Teaching Letter Writing ~Friendly, Persuasive, Informational & Thank You's

Discussion in 'Elementary Education' started by Youngteacher226, Jan 2, 2008.

  1. Youngteacher226

    Youngteacher226 Enthusiast

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    Jan 2, 2008

    Hello all,
    How have some of you taught a unit on letter writing?? What are some fun & interesting ways you have explained writing different types of letters? I want to teach my kids about writing four diff. kinds: friendly letters, persuasive letters, informational letters & thank you letters. I know I'll probably do most of my teaching through shared writing & interactive writing of real letters, but how do you teach the formats? Who do we write persuasive letters to? (political leaders, the principal, mom/dad). I just need some real fun & cool ideas to make this unit fun!!!
     
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  3. imalith

    imalith Rookie

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    Jan 2, 2008

    It is a good idea to teach a unit on letter writing. I'm always amazed at how many kids cannot write a proper letter or even address an envelope.

    I haven't ever taught a seperate unit on letter writing. I have taught students letter writing during other units. During our persuasive writing unit students wrote persuasive letters. The first was a practice that dealt with a pretend scenario. It was a complaint situation and they had to persuade the business owner for compensation.

    The second persuasive letter was created more independently. Students wrote to someone of their choice to persuade them. Usually this was to the principal for longer lunch time or the cafeteria for a certain type of food. These are difficult to grade because they need to get mailed in a timely fashion and going through the writing process (and grading process) takes time.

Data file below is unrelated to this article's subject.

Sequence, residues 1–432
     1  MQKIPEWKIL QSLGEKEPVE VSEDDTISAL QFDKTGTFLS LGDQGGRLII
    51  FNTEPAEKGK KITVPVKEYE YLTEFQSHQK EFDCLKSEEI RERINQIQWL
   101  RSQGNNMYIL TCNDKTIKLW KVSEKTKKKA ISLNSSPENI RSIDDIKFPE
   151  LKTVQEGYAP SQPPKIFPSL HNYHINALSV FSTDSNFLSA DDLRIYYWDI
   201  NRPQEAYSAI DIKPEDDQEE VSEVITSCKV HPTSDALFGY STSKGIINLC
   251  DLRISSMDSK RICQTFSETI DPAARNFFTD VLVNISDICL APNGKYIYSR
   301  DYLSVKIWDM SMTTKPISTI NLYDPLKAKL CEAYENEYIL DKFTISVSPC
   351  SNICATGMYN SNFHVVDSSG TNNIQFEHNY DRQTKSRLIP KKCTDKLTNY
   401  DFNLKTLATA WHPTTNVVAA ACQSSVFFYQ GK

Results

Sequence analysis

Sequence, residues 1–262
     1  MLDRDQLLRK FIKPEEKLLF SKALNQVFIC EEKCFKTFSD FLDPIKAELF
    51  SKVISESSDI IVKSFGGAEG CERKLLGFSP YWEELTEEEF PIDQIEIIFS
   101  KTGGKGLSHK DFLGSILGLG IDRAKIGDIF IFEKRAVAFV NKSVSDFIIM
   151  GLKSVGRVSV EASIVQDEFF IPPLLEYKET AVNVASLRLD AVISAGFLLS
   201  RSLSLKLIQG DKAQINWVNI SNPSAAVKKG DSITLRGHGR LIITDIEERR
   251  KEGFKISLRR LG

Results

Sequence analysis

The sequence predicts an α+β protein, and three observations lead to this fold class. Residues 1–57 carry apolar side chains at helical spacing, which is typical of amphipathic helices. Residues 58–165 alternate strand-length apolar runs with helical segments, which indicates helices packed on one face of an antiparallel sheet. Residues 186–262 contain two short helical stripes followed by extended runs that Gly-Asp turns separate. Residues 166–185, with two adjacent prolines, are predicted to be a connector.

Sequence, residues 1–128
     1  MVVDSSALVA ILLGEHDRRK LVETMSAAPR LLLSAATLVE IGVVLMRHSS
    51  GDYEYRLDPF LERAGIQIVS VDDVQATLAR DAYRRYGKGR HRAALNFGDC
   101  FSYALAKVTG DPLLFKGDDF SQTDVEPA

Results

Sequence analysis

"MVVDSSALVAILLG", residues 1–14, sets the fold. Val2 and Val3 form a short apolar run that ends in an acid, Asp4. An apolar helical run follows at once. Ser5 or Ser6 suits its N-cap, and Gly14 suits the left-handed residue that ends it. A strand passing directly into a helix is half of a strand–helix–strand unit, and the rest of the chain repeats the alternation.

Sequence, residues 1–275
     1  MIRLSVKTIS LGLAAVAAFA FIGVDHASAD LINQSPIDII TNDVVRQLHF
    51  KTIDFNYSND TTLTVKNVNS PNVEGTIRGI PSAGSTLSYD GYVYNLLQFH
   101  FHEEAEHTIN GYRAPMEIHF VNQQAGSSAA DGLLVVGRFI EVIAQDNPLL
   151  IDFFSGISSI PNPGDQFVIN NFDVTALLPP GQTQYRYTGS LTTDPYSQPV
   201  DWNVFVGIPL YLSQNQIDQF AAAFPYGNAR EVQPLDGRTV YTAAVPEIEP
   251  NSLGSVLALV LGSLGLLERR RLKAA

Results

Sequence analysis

We write thank you letters throughout the year. We simply use a graphic organizer for these.
     
  4. runsw/scissors

    runsw/scissors Phenom

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    Jan 4, 2008

    For the persuasive I have my students write to fictional companies (or real ones but never send the letters) about something they pretend to purchase and has broken. They are trying to persuade the manufacturer to replace the item. For Thank you letters, this would be a good time to have them write letters thanking various volunteers around the building or reletives for gifts they have received. Another good time is after a successful field trip to the place you visited and anyone who specifically helped your group.
     
  5. MyMulligan

    MyMulligan Rookie

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    Jan 4, 2008

    I'm a career changer getting my MAED in secondary Communication Arts & Literature. In my General Methods class this semester, I designed a unit around letter writing. The idea was that it would be the culmination of a semester theme on heroes, but it can stand alone as well.

    In the unit, students become heroes in their own community. They research local causes, write letters (or e-mails) requesting information from local organizations, conduct interviews and, finally, write a persuasive letter to get others interested/involved in the cause. The unit was written for grades 9-12, but many of the ideas could probably be modified to fit a younger age group. PM me if you'd like to see it. Would love to hear other interesting ideas for teaching letter writing!
     

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